First Published in UrbanToronto on June 19, 2020 by Jack Landau
COVID-19 has brought an unprecedented surge of home deliveries, putting a strain on delivery services, but changing demographics over recent years had already created a potential tsunami of delivery deluge. Before the pandemic, an internet business survey showed that 67% of Canada’s 9.8 million millennials prefer to shop online. Add the growing trend of online grocery delivery through services like Instacart, Grocery Gateway, and Fresh City Farms, and it’s clear why delivery demand was already rising rapidly before the world went into lockdown.
Delivery demand had already been accelerating for years, with Pitney Bowes recording a modest parcel volume growth rate of 2.9% in 2014-2015, growing by 17% from 2016 to 2017, and a 20% increase from 2017 to 2018. With the masses kept at home, COVID-19 added fuel to the fire, with some parcel delivery companies as of March, 2020 having seen surges as high as 30% in just one month. Canada Post has been hard hit in particular, reporting recent parcel volumes typically only seen during the Christmas season, including a single day in April where over 1.8 million parcels were delivered.
In a densely-populated region like the Greater Toronto Area where hundreds of thousands call multi-unit residential buildings home, the delivery boom has also put a strain on those in multi-unit buildings who receive the packages. Deliveries regularly overflow the concierge desks or mailrooms, making it difficult on occasion for residents to locate and extract their packages from sheer cliff faces of cardboard and packing tape.
Older style rental apartment building in Toronto, image by Marc Mitanis
In a time when condominium and rental building management has been trying to cut staffing costs, property managers are being forced to bring on extra staff to sort and log packages, and connect building residents with their deliveries. In buildings too small to make on-site security staff economical, lobbies are being overcrowded by packages or deliveries are piling up on doorsteps, and they are experiencing ‘porch theft,’ a vulnerability inherent when there are no eyes on the front doors. Cameras may offer some level of protection, though ‘porch pirates’ are adjusting to countermeasures, and most theft investigations go cold due to the crimes’ random, opportunistic nature. Parcel lockers eliminate these grab-and-go thefts, and are an affordable alternative to 24-hour staffing.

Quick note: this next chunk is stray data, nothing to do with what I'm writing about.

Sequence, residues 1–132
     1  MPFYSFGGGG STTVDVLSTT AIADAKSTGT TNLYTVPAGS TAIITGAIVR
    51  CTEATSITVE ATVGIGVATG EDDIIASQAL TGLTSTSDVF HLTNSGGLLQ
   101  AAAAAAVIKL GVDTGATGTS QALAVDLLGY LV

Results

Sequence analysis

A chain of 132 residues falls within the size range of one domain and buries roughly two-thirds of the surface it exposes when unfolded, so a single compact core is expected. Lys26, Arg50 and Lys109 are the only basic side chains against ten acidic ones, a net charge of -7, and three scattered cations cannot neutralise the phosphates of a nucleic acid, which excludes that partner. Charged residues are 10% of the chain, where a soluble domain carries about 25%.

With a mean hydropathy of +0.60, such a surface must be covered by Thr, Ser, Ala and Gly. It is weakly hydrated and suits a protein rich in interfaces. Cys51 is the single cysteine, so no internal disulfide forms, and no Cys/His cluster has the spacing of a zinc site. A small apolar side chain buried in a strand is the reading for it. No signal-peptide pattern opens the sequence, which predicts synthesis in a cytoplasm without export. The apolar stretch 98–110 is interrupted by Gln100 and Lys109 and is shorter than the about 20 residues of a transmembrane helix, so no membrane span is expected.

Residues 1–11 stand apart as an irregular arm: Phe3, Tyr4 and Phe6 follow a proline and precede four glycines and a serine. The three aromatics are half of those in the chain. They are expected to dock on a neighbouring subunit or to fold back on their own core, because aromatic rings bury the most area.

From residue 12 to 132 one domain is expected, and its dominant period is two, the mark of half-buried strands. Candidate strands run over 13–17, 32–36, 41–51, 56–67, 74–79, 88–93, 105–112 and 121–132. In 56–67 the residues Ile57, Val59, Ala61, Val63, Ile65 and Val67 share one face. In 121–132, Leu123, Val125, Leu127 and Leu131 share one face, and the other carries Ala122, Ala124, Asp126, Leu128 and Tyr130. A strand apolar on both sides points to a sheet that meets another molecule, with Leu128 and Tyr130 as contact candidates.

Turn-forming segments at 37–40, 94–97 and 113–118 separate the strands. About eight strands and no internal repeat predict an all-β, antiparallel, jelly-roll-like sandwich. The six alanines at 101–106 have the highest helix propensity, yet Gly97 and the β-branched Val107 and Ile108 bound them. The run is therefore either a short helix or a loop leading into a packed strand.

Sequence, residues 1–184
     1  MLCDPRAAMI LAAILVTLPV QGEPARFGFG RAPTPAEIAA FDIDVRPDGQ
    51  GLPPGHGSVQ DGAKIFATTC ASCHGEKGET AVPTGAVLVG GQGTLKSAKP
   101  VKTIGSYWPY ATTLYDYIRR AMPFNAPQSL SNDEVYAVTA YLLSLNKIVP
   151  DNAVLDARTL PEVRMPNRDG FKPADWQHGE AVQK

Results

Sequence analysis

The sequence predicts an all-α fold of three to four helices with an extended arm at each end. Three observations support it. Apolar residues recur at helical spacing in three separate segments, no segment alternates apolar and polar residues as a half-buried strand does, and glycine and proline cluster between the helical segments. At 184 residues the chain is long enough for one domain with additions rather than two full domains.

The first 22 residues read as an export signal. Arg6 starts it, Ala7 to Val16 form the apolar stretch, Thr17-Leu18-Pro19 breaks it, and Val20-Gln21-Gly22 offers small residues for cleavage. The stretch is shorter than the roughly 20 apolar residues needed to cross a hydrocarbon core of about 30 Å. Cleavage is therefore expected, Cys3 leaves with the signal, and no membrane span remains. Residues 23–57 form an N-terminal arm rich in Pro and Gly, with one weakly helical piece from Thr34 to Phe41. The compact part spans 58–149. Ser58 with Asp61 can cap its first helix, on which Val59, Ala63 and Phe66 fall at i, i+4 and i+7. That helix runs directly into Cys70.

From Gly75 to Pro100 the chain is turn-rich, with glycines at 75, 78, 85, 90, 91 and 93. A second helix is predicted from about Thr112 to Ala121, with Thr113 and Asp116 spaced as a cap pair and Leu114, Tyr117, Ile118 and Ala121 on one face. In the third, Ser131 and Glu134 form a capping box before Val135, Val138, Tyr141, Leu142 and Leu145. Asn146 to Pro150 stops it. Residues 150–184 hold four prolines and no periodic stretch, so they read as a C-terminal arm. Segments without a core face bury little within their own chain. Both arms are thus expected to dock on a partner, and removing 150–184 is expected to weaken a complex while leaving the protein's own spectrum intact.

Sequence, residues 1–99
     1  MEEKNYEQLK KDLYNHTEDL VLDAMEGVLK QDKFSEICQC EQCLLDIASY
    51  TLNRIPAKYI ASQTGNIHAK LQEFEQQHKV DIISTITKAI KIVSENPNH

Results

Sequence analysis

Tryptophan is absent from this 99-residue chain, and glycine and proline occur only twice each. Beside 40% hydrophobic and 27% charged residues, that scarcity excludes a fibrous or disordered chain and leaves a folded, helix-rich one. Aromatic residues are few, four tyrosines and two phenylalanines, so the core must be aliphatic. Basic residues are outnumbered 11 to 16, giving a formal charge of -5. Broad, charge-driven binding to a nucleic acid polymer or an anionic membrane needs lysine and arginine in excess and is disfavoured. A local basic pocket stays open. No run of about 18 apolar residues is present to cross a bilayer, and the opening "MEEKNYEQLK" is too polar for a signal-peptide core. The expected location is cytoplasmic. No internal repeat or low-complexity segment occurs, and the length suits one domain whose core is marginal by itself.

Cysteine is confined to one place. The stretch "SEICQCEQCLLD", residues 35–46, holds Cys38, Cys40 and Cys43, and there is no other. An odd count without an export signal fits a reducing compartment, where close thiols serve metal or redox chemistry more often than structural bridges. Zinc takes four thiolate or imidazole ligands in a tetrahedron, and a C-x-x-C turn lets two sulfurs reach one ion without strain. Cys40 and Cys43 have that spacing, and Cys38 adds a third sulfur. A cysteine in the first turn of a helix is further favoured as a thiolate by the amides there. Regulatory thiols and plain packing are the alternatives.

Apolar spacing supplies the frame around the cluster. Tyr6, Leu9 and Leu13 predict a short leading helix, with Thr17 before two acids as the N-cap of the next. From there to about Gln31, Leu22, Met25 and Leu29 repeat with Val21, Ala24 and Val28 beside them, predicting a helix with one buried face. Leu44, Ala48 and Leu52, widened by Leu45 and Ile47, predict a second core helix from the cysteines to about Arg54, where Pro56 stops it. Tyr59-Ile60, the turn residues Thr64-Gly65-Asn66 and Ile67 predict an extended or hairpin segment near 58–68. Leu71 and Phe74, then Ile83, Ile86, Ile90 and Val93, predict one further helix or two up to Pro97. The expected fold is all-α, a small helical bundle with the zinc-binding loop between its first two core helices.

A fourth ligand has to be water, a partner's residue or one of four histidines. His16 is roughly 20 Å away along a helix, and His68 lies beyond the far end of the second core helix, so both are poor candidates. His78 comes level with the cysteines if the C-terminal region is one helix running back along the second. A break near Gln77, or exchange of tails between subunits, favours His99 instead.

Storage and management systems for parcel delivery—capable of relieving staffing and space issues—are already in place in many buildings across the Greater Toronto Area, which have proven especially beneficial in the turbulent months since March. One company producing lockers for many developers is Snaile, with their systems installed in over 200 locations across Canada as of the start of 2020.
Snaile parcel locker system at 700 Bay in Toronto, image by Jack Landau
Unlike the Canada Post-branded lockers that can only accept items shipped through their system, these ‘carrier agnostic’ systems offer multi-unit automated parcel lockers that are sanctioned by Canadian carriers. Residents can interface with the systems using English, French, or Mandarin, receiving a notification by mobile phone or email with an eight-digit code or contactless QR code that gives access to their delivery. The contactless option furthers the goal of minimizing person-to-person and person-to-surface contact, helping to safeguard all parties involved from the delivery drivers, to the building staff that would otherwise be handling packages, all the way to residents.
Patrick Armstrong, CEO of Snaile Inc., has seen demand for their products shoot up. “When looking at Q1 2020 parcel volumes as compared to Q2 to date, we project a quarter over quarter volume increase of 34% of deliveries into our network across 23 Canadian cities due to COVID-19.”
Lillian Park, image by Forum contributor WislaHD
Snaile’s systems have been adopted by several GTA rental and condo developments, including Concert Properties‘ 2013-completed Motion on Bay as well as new rental apartment projects including 700 Bay by KingSett Capital and Lillian Park by Collecdev and Shiplake. Existing rental buildings are also seeing their mailrooms upgraded, with Concert Properties’ Jazz at Church and Shuter having rather fortuitously converted their move-in/out room into a dual-purpose moving and parcel storage room several months before the pandemic struck. Other GTA customers of Snaile’s systems include developers Lifetime, Brenthaven, Minto, Edenshaw, Devron, Daniels, Starlight Investments, Cogir, InterRent REIT, and Oxford Properties.